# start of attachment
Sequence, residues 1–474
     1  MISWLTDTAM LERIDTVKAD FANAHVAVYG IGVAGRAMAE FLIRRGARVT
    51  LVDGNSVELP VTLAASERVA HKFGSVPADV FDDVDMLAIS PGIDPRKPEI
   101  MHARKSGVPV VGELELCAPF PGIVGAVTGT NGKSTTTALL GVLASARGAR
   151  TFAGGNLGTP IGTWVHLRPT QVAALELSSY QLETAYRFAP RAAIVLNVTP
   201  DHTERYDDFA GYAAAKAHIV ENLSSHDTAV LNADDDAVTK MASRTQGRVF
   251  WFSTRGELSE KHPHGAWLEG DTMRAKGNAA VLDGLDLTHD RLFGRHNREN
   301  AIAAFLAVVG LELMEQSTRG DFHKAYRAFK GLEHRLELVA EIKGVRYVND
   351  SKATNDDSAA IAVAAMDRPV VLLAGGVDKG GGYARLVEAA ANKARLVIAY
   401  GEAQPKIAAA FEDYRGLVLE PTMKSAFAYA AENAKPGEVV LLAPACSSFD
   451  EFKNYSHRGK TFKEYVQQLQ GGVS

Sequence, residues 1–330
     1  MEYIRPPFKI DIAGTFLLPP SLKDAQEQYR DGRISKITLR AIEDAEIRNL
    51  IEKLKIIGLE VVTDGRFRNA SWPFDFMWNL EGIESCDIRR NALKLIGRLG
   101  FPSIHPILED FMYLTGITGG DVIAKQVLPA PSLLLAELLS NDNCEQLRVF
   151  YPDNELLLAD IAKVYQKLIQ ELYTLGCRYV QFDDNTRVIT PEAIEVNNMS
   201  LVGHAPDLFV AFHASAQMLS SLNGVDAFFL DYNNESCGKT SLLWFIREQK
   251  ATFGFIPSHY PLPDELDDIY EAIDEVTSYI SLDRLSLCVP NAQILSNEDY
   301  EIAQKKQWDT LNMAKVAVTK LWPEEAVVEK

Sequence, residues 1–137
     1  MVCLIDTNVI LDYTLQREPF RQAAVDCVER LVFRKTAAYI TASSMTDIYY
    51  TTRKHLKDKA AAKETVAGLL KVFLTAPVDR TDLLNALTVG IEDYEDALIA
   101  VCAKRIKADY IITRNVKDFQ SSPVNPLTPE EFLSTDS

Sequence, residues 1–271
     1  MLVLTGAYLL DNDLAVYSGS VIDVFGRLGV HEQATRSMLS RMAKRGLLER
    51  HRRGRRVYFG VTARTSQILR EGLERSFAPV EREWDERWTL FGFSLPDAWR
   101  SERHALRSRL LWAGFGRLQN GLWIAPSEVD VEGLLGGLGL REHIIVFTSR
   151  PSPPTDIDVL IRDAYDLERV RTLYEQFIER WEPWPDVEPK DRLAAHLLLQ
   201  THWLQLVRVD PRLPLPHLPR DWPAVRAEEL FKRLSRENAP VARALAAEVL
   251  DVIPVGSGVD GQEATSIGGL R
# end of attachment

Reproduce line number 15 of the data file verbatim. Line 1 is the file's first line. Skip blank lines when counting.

   101  FPSIHPILED FMYLTGITGG DVIAKQVLPA PSLLLAELLS NDNCEQLRVF